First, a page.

the present study, which has a qualitative and descriptive-analytic character, wants to specify and discover the active parts of the cerebellum, when processing and understanding the concepts of power and movement in the form of conceptual metaphor for the concept of anger based on Quranic data. That is why the present research has focused on anger verses in the Holy Quran. To do so, 80 conceptual metaphors in the source domain of power and movement were gathered from the Holy Quran. For finding the appropriate metaphors, first the lexicon of anger terms was looked up in the Holy Quran thesaurus (Ghoreshi, 2007), then the verses containing those terms were extracted to discover the conceptual anger metaphors. After that, the derived metaphors were studied and analyzed by some Quran experts to ensure that they are accurate.
To perform the present investigation, the following practical steps have been taken. First, metaphorical representations sought in the conceptual anger metaphors were considered as signs indicating the activation of the functional regions of the cortex. Second, the themes and evidences of any conceptual metaphor, in other words, the kind of Qur'anic look to anger in different verses, are identified, for example, an extracted metaphor in Quran says: anger is chewing the fingertips, based on precise divisions of cortical functions put forward by Brodmann (Judas, et al. 2012), this conceptual metaphor can be attested to by the activation of parts of motor, executive, attention, emotion functions of the cerebellum during processing anger in the mind. Third, in the same vein, then, given that the active regions of the brain are widespread during anger (Vytal & Hamann, 2010: 2880), it became clear that Quranic anger metaphors need some different parts of brain to be involved in processing anger. Finally, by matching and comparing the data of Vital and Haman (2012) with Bradman, adapted from Judas (2012), on the one hand, and analysis of the explanation of the concept of motion and power metaphors on the other hand, the analysis and representation of the data was done.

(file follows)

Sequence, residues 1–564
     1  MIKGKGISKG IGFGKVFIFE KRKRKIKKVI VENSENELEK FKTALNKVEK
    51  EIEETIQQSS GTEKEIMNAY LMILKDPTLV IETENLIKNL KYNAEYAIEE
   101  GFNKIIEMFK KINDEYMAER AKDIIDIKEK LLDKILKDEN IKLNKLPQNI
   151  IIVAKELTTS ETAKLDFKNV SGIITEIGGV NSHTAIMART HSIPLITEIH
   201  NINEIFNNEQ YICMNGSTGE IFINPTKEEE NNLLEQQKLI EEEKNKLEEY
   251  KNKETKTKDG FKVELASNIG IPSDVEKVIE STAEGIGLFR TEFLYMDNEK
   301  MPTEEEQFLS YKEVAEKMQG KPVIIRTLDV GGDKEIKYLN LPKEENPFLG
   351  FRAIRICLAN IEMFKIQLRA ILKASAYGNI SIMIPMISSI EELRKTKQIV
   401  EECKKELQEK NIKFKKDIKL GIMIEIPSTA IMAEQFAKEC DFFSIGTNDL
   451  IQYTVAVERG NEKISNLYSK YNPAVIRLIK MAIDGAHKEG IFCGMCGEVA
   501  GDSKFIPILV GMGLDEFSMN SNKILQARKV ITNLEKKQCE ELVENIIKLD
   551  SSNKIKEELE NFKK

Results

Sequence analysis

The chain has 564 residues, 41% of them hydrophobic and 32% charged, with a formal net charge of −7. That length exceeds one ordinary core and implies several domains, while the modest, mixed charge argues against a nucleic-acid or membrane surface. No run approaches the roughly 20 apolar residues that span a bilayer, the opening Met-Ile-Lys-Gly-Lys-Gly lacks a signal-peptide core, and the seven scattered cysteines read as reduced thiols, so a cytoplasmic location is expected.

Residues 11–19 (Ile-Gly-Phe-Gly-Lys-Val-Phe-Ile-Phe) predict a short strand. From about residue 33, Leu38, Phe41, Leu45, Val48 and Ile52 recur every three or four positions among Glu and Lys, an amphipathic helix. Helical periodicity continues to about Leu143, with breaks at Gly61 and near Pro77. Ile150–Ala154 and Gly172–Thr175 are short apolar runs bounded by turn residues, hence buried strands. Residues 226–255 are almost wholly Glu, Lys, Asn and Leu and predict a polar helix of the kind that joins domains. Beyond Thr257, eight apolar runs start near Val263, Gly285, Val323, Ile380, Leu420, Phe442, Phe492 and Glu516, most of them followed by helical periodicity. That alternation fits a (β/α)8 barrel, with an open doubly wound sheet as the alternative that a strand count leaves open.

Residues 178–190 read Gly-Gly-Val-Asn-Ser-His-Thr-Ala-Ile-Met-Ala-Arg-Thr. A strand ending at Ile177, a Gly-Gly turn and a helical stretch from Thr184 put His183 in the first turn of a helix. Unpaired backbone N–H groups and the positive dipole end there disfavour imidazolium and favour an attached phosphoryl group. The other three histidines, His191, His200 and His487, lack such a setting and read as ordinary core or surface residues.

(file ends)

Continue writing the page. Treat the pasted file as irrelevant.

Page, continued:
Living experiences are the main sources by which emotions are conceptualized in the brain networks. Then, consequently, based on the previous experiences, these emotions start to be processed. It has been proved that by means of already – made concepts many possible connections of brain neurons happen in the brain, which have important impacts on our ultimate decisions and reactions while beings emotional (Vytal & Haman, 2010). Therefore, it shows that those situations that you experience while you get angry have strong influences on your future behavior. Based on the data analysis for metaphorical comprehension, the findings show that the sources domains of power and movement in the form of conceptual metaphors for the concept of anger are shown in the target domains such as: patience, charity, forgiveness, actions, denial, neglect, repentance, blasphemy, eulogy, hell, provocation, excitement, self-denial, curse and torment. It was also found that different areas of the cerebellum are active during the processing of anger through different responses. The findings also show that the concept of anger or when exposed to anger, rebounds and reactions are reflected from interactions between areas, networks and numerous neural networks, and ultimately, a conceptual action theory is confirmed. In addition, the results demonstrate that the conception of anger is transitional, transitory and context-based in the Holy Quran. Findings also indicate that while we are exposed to conceptual metaphors for the concept of anger, many different somatosensory feedbacks are observed. These are because of the interactions of brain networks and neuron connections. Results also show that the conceptual act theory of emotion is approved and anger is not only transitory but also context-based.

کلیدواژه‌ها [English]

  • Quran
  • basic emotion theory
  • conceptual act theory
  • conceptual metaphor
  • anger